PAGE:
Last October, Facebook announced that it was rebranding itself “Meta.” The name change is a nod to the metaverse that founder Mark Zuckerman believes is the “the next chapter for the internet.”
If you are still struggling to keep up with the current chapter, you are not alone. Many people, especially parents, are wondering what the heck a metaverse is and, more importantly, if it will be a safe place for children to visit.
Question 1: What is the Metaverse?
So let’s tackle the first question: What is the metaverse? In simple terms, it is an immersive virtual world where people will live, work, shop, and interact through their avatars (icons or figures representing a person). Key to accessing this immersive environment will be virtual reality (VR) and augmented reality (AR) devices (think headsets). These devices will let you feel like you’re inside the action and actually interacting with others in real-time.
By Meta’s own admission,“(t)he metaverse is still a ways off, but parts of it are already here…” (more on this below). The company has double-downed on their vision as it plans to spend at least $10 billion on Facebook Reality Labs, their metaverse division tasked with managing and creating AR and VR software, content, and hardware, including the popular Oculus Quest VR headsets that the company already markets. And Meta isn’t the only one banking on this brave new world. Microsoft, Roblox and Epic Games are just some of the other companies working on their own metaverses too. If their visions materialize, scrolling through your Internet feed will soon become as old-school as dialing a rotary phone.
Author Neal Stephenson coined the term “metaverse” way back in 1992 in his science-fiction novel “Snow Crash.” In the book, Stephenson envisions a VR successor to the Internet where people use personal digital avatars inside an immersive online world to escape their dystopian reality.
Kids may have their own idea of the metaverse from Ernest Cline’s book, “Ready Player One,” or its movie adaptation. Cline’s story also envisions a dystopian world that compels people to spend a majority of their time in a virtual universe called OASIS. There, friends (through their avatars) hang out, experience exciting adventures, and inhabit physical features or even genders different from their offline ones.
This, ostensibly, is what our metaverse will be like. Soon we’ll all be able to be in the same meeting or living room, at the same virtual concert, or surfing the same virtual waves with friends and family who live on the opposite side of the globe, all while feeling like we are really there. What’s not to love about such a vision?
Question 2: Will the Metaverse Be Safe for Kids?
The big question for many parents and educators is whether or not this environment will be safe for children. Unfortunately, research on the impact of VR experiences upon children is relatively scant. However, research on the impact of VR upon adults is not, and it indicates that the emotional and physiological impact of VR is extremely intense as our bodies and brains actually register it as real.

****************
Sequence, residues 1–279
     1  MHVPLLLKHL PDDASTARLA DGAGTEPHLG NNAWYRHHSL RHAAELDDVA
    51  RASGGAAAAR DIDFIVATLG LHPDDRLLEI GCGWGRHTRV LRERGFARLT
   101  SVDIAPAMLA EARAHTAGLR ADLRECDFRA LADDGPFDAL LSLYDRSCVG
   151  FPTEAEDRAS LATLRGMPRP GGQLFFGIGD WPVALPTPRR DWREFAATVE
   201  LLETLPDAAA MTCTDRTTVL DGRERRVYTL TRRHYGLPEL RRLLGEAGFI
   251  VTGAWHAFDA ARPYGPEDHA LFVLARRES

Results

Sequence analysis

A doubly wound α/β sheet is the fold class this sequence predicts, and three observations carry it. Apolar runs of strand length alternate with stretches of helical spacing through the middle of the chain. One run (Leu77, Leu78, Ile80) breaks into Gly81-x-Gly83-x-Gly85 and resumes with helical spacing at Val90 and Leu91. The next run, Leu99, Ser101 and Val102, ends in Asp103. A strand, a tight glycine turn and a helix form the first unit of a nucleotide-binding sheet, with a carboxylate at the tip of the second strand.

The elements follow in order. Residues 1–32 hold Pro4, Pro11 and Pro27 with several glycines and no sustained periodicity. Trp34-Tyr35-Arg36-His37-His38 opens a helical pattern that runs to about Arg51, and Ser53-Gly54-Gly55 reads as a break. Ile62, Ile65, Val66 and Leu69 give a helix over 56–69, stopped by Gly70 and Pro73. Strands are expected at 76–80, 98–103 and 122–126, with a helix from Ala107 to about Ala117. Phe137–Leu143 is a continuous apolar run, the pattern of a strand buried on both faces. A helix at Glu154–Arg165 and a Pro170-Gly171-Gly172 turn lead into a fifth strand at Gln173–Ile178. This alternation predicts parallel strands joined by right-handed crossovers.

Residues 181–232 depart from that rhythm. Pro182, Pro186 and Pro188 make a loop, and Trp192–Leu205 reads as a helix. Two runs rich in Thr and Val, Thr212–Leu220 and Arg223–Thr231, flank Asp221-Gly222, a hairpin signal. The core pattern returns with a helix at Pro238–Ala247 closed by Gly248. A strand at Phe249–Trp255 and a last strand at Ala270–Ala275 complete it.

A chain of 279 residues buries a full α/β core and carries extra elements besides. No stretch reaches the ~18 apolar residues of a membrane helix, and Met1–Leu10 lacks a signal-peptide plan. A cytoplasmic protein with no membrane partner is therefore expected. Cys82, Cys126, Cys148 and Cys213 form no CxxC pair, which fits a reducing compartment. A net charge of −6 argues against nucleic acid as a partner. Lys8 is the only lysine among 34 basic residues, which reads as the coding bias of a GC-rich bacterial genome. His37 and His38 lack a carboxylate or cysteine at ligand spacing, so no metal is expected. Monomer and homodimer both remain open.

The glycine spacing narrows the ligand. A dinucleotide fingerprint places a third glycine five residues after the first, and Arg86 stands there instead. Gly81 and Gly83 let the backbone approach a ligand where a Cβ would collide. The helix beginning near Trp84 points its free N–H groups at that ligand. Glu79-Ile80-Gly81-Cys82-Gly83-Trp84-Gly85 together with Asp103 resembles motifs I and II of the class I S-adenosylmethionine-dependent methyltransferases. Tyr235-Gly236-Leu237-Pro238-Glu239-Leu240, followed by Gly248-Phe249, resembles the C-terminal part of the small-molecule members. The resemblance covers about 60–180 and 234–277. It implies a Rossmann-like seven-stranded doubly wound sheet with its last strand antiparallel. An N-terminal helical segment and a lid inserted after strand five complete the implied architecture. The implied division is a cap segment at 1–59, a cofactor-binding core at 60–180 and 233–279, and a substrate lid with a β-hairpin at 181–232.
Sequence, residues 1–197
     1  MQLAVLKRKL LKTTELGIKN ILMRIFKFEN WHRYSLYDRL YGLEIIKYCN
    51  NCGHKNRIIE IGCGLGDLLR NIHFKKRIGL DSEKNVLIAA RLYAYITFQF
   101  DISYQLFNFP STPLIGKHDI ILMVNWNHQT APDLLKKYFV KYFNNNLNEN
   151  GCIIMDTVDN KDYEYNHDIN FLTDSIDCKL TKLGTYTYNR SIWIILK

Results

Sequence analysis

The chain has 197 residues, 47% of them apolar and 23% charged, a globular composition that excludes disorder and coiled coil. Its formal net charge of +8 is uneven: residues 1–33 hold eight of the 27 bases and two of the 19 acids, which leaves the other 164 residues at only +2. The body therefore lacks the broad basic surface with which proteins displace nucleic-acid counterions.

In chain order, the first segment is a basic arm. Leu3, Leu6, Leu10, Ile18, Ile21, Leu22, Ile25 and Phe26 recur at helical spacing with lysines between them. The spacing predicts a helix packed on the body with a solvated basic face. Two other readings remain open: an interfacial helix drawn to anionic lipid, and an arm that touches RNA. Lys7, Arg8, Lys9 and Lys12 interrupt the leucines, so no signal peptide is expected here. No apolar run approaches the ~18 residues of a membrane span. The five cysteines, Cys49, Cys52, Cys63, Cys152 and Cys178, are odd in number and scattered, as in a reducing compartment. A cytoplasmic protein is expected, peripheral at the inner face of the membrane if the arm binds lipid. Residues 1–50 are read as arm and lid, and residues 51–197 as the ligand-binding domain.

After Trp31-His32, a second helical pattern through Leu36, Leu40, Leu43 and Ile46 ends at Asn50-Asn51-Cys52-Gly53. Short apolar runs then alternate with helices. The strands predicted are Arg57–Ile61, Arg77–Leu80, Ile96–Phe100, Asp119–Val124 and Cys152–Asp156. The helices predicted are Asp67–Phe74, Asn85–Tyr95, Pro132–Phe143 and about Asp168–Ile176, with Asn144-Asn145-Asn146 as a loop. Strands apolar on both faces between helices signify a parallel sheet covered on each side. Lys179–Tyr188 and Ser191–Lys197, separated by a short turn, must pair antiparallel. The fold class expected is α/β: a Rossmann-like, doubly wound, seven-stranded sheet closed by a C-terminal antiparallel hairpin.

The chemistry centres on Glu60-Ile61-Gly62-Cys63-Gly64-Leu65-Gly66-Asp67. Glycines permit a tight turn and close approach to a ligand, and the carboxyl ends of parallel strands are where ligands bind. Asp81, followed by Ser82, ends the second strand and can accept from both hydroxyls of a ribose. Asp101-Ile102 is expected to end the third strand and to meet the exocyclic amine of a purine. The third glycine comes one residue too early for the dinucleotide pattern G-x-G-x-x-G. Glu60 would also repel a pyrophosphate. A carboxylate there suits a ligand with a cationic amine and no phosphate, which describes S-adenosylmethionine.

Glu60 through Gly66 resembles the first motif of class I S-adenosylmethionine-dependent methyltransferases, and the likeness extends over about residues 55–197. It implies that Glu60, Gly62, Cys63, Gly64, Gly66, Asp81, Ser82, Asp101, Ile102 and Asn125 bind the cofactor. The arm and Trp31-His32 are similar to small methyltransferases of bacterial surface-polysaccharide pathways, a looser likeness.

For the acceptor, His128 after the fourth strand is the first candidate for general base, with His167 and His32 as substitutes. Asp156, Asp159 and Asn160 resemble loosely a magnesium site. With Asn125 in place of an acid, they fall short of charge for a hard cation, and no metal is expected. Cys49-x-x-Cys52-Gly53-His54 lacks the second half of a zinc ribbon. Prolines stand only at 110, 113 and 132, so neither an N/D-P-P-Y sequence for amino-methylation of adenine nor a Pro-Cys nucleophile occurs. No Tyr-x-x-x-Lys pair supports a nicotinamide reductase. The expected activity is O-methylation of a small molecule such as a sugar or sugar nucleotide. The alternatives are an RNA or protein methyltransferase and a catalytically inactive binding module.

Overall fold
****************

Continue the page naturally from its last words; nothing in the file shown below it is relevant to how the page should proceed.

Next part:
Thomas Baumgartner, a neuroscientist at the University of Zurich, found distinct differences in how adult brains process VR versus those of children. He discovered that adults were better able to modulate VR experiences through the prefrontal cortex, the area of the brain associated with emotion and behavior regulation. Children, on the other hand, showed no evidence of such ability as the same area of the brain remained undeveloped. His research team even warned of using caution when exposing children to the emotional stimuli of VR.
Additionally, when children watch TV or play video games, they are able to look away and ask questions about what they are seeing or being asked to do. However, with eyes and ears covered by VR headsets, children will be blocked off from parents who won’t be able to see what they’re doing or experiencing. Many parents already struggle trying to keep abreast of their children’s digital activities, and having them in an immersive environment may further complicate matters.
Another area of concern with children using VR lies in the fact that users often focus on images that appear to be far away but are actually on screens only a few centimeters from their eyes. In the short term, this can cause confusion, eye strain, and headaches; the long-term effects upon children are still unknown.
Most VR headsets, including Meta’s Oculus, are not recommended for children under 13 years of age. Additionally, Meta’s safety page states, “While we know that children under 13 may want to use Oculus devices, we do not permit them to create accounts or use Oculus devices.” However, as every child under 13 who already has an account on a Meta platform—like Instagram or WhatsApp—knows, no identification or age verification is required to open an account. This minor hurdle is easily bypassed by a child lying about their age or by using a parent’s or shared family account.